CALVIN SUN: Mucormycosis, whew. If you want to give yourself nightmares, try to Google image that-- people who have mucormycosis, like especially the picture of the people with the eyes. It's really bad. And yes, you should be scared of it. It's what I give-- it's what I have nightmares of when I see immunocompromised people get sick, because you're not only getting bacterial and viral, but we also get fungal infections.
And they're usually associated with people who are immunocompromised or they received something like steroids, which are so important to keeping you alive in terms of breathing. So if I had a respiratory distress, a patient that couldn't breathe, whether it's from asthma or allergies, giving steroids is fine, because they're usually have a robust immune system, so they won't get a fungal infection. But now they're that infected with COVID and they can't breathe, you have to give the steroid because if they can't breathe, they die that day.
But then they actually run the risk of now they can breathe, but because they have the steroid and COVID, they're immunocompromised, and now they're more likely to get a fungal infection, especially in communities where that is more prevalent. And this is why we are very careful in not just giving a Z-Pak to everyone. That's why we don't give antibiotics willy-nilly unless we have a confirmed diagnosis with infection.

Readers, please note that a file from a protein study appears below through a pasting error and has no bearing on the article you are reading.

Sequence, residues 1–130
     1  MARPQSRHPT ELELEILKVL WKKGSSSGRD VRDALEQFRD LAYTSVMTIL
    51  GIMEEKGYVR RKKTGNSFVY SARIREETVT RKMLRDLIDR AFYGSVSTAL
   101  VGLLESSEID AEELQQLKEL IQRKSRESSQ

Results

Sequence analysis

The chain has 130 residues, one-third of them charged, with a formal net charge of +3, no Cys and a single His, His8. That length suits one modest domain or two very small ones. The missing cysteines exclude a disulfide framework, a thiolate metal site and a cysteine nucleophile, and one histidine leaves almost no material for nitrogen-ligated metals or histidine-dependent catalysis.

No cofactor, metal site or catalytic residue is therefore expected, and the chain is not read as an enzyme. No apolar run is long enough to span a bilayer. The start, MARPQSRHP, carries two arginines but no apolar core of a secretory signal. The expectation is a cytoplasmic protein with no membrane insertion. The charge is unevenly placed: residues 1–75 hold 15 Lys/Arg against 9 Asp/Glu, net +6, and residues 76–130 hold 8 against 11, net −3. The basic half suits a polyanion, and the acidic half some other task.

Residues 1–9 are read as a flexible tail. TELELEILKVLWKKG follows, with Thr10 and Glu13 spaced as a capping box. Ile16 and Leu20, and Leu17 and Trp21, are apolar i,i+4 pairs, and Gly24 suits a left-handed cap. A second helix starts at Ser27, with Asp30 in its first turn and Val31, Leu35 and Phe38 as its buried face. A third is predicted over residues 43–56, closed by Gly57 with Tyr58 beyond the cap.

This is what happens if you give too many antibiotics that are resistant, you know, that create this super infection or co-infections or other things. And as a result, we just want to be very careful in how we treat our patients. More often than not, I don't want people to be scared of steroids, but just keep in mind that once you have COVID and you need steroids to breathe, which is absolutely totally indicated and necessary, you are-- it's no free lunch.
There is a possibility of risking a fungal infection that manifests and takes advantage of a human body that now is immunocompromised from not only the steroids, but also a co-infection with COVID or maybe taking antibiotics for other things and among just being in a community that-- where fungal infections are prevalent, such as India.